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Aurora -- Mike DeMay never dreamed he'd be on the verge of his 300th victory as a wrestling coach.
DeMay, an assistant wrestling coach at Harmon School, has been involved in coaching ever since "the day Dick Bliss talked to me in September of 1979."
During DeMay's first two years with Aurora schools, he was Bliss' varsity assistant coach for the Aurora High School wrestling squad.
"I was very fortunate to have Coach Bliss take a chance on me," said DeMay, who is a physical education teacher at Leighton School and the high school. "I learned so much from him. He taught me the 'Aurora way' right from the get-go. His discussions on how, why and when to use certain specific moves blew me away. He taught me to love the sport."
Since then, DeMay has been an assistant coach at Harmon -- for 22 years working with head coach Ron Hegedish and the last nine years working with head coach Paul Frankmann.
"Being lucky enough to work with great men like Ron and Paul for so long is amazing," DeMay said.
Now, with 299 Harmon dual meet victories, DeMay could earn his 300th win Jan. 10 when Harmon hosts Kenston and West Geauga at 4 p.m. in Harmon's gymnasium.
"Not everyone has the good fortune of doing something they love for such a long, long period of time," said DeMay, a man who seems to gain the respect of everyone who comes in contact with him.
Bliss called DeMay "a Cadillac in a world of Yugos."
"Mike is good for kids," Bliss said. "He has always been a very positive solid example of a responsible, caring and dedicated individual.
"He has influenced many, many young men through his involvement in wrestling, and I doubt if any of them could come away without being a better person because of it."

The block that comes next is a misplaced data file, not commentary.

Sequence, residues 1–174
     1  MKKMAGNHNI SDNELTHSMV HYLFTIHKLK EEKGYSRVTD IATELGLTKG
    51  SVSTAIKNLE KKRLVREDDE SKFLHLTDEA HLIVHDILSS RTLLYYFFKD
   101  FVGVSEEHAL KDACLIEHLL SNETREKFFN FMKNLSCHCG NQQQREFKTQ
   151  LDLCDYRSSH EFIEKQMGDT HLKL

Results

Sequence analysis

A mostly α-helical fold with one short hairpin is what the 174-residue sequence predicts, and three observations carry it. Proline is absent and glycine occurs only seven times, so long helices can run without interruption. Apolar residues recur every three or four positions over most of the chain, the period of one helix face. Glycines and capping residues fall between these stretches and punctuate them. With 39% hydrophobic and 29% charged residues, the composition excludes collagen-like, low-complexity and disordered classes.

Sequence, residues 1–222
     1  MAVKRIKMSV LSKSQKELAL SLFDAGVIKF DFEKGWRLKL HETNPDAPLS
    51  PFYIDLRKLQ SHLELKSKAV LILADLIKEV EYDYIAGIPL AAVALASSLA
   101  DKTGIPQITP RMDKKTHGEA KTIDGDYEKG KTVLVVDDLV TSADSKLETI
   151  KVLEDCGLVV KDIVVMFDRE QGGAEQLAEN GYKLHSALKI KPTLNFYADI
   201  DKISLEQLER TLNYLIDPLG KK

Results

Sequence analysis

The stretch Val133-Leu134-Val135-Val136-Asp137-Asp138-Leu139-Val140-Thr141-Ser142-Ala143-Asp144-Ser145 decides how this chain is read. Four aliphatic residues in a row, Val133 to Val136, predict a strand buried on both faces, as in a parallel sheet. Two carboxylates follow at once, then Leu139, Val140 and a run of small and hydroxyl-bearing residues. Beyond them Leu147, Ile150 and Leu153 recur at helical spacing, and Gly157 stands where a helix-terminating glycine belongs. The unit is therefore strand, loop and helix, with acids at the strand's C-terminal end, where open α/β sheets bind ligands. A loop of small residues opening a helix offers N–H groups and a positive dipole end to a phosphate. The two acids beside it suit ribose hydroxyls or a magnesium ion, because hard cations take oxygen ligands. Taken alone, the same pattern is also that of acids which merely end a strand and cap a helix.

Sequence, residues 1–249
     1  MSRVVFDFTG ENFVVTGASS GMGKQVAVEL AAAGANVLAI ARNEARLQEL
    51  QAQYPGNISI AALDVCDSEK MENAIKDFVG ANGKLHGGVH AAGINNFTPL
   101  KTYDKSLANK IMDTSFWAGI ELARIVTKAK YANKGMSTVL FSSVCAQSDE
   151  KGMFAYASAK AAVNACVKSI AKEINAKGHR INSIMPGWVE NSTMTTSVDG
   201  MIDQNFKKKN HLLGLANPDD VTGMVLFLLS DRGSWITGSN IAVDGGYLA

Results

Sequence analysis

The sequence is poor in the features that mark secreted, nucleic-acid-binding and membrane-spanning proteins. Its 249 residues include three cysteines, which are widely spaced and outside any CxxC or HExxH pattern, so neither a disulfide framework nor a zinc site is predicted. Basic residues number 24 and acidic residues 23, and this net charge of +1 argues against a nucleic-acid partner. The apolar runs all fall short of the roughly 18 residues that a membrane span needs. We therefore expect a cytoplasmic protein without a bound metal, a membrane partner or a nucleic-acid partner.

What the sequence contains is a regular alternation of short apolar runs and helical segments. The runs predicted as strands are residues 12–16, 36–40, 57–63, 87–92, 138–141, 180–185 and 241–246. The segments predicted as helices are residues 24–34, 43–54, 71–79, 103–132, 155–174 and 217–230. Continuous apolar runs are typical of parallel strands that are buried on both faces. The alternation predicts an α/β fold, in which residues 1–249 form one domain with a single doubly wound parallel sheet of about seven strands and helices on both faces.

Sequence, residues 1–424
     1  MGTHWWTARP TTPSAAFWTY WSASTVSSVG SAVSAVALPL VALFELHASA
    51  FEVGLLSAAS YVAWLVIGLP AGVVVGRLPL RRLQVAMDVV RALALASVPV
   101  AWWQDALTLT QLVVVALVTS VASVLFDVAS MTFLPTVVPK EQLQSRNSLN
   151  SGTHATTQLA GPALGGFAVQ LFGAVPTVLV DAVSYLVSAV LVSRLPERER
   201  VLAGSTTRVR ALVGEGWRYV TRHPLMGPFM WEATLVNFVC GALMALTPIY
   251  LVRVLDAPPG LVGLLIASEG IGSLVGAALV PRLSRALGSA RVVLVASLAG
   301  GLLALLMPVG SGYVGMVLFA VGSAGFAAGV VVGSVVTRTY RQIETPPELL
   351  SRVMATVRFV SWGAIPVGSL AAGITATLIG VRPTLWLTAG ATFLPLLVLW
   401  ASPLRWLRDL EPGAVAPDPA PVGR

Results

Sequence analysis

"MIKE HAS been a role model and inspiration to generations of Harmon wrestlers," Harmon Principal Mark Abramovich said. "Our wrestlers leave Harmon as better people because they've had the extra time with Mike and have been touched by his character of caring and sportsmanship."
Frankmann said DeMay "has the ability to make the sport fit every kid on the team. He bandages, wraps, ices, stops bleeding, encourages, fixes and attends to every individual need. Whatever it takes to get a wrestler to step out onto the mat with confidence, Mike provides that. He teaches sportsmanship by example, keeping cool and keeping the kids in perspective."
Frankmann said DeMay builds up wrestlers before tough matches and congratulates them afterward, win or lose.
"Lose?" Frankmann said. "That's just a learning opportunity, not something to get upset about."
"Mike always smiles, shares stories, and makes us laugh and feel good about ourselves, each other and what we're doing," Frankmann said. "Mike is a coach of coaches. He is a great person that everyone -- students, parents, referees and fellow coaches -- want to be around."
Not surprisingly, DeMay said what he enjoys the most about being a wrestling coach is working with young people.
"They have their ups and downs just like all of us," DeMay said. "Their success is not always measured in victories. It is the process of growing as wrestlers and bonding to the team.
"We want our wrestlers to be good people with strong character, have pride in being a Harmon student athlete and proud members of the Harmon wrestling program. We teach them to respect all."
DeMay said in recent years he has begun coaching the sons of some of his former wrestlers.
"THE WRESTLING families are great, and we have so much support for the kids from our wrestling parents," he said. "We also have great administrators at Harmon. They understand the importance of sports and the successful teamwork and character building they promote."
DeMay wrestled at 138, 145 and 155 pounds for Mentor High School, which took third place in the state in 1973. DeMay referred to himself as an "average" wrestler on that team.
"I wish I could have wrestled at Aurora High School in my day," DeMay added. "I loved how Coach Bliss had a nickname for all of our wrestlers."
After that, DeMay attended Lakeland Community College, where he wrestled for year and played baseball for two years before transferring to Kent State University to obtain a degree in education.
DeMay is in his 34th year of teaching physical education. He has worked at Miller, Craddock, Leighton and Harmon schools, plus the high school. This school year, he teaches grades 3 to 5 at Leighton and grade 9 at the high school.
"I'm thrilled for Mike to reach this coaching milestone," Frankmann said. "I hope Mike will stick around for 400 victories. He has the heart, soul and energy to keep going indefinitely. We've talked about the future, and I've let him know that I don't ever want to see him leave his shoes and headgear in the middle of a mat and walk away. That would be a very sad day."
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